Pumpkin: Pumpkin and pumpkin seeds are high in vitamin A, protein, fiber, zinc, iron and monounsaturated and polyunsaturated fat. Health benefits of eating pumpkin include: healthy cardiovascular system (mono and polyunsaturated fats), healthy skin (vitamin A), healthy vision (vitamin A),decreased osteoporosis (zinc), decreased arthritis, decreased prostate enlargement and decreased colon cancer (fiber). Use egg whites or egg substitute and fat-free evaporated milk in the filling when making pie.
Cranberries are a great source of Vitamin C and contain compounds that are believed to block certain bacteria that cause infections. Add oranges to make cranberry orange sauce to add more Vitamin C.
Homemade Rolls: Choose a recipe without eggs or cream and with minimal shortening, butter, or margarine. Use skim milk instead of whole milk or cream. For a shiny low-fat crust, brush rolls with a mixture of egg whites and water (1 egg white whisked with1 T. water). Use whole wheat flour or part whole wheat flour in place of white flour. Baking sheets can be sprayed with non-stick spray or dust baking sheet with cornmeal instead.
Vegetables: Stir fry, saute, or microwave vegetables with minimal oil. Top vegetables with a little lemon-butter mixture. (Mix 1tsp. of canola-oil based margarine with 2tsp. of lemon juice and a bit of grated lemon rind) instead of high-fat sauces. Have a variety of veggies on the table at all times. Try healthy hummus as a dip, or fat free ranch.
Appetizers: Have plenty of fresh vegetables, fruit, and nuts on hand. Use low-fat or fat-free sour cream or yogurt for dips.
Baked Goods: Limit recipes that call for a lot of cream, eggs, butter or other fats.Or try substituting some of the fat with non-fat alternatives, such as applesauce and pumpkin. Cut back on sugar by ¼ to ½ and/or use dates to sweeten and I bet you won’t miss it! Also, if you do bake and know it’s a temptation for you, give away your extras or put them in the freezer out of sight.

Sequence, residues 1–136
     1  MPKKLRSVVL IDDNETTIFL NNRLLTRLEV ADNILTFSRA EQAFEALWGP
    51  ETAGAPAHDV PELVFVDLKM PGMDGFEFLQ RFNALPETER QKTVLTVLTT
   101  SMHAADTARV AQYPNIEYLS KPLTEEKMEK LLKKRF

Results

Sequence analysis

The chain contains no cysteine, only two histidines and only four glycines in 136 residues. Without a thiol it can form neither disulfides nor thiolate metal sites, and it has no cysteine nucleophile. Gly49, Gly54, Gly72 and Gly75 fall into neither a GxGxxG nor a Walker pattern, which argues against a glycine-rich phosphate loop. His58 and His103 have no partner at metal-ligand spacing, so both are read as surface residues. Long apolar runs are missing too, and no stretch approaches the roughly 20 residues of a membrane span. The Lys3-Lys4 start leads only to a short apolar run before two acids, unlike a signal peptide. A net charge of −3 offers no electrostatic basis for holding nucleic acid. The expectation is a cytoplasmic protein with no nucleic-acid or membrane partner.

Sugary Sweets: No need to eliminate the traditional homemade treats that you and your family look forward to each holiday season. Some recipes may not turn out as well if you change ingredients, but others may not even seem that much different. Try reducing the amount of sugar called for in your fudge, peanut brittle, toffee and other homemade favorites. Also, consider purchasing sugar free ingredients, such as sugar-free gelatins and puddings (if you are okay with artificial sweeteners). Silken tofu also makes a great substitute for sour cream or cream cheese in pudding-like recipes.
Foods Rich in Fat: There are multiple ways to reduce and substitute fat in multiple recipes. One of the simplest ways is to purchase fat-free and low-fat products instead of their full-fat counterparts. These include salad dressings, sour cream, cream cheese, crackers, yogurts, milk, and more. Also, in many recipes, simply reduce the amount of fat called for.
The holidays don’t have to mean weight gain! It does take some effort, but by making a few modifications you can prevent those holiday pounds that seem to appear every year. You will feel better knowing you and your family are eating healthier, but can still enjoy good tasting food and spending time together. Staying healthy during the holidays means you can enjoy many more holidays to come!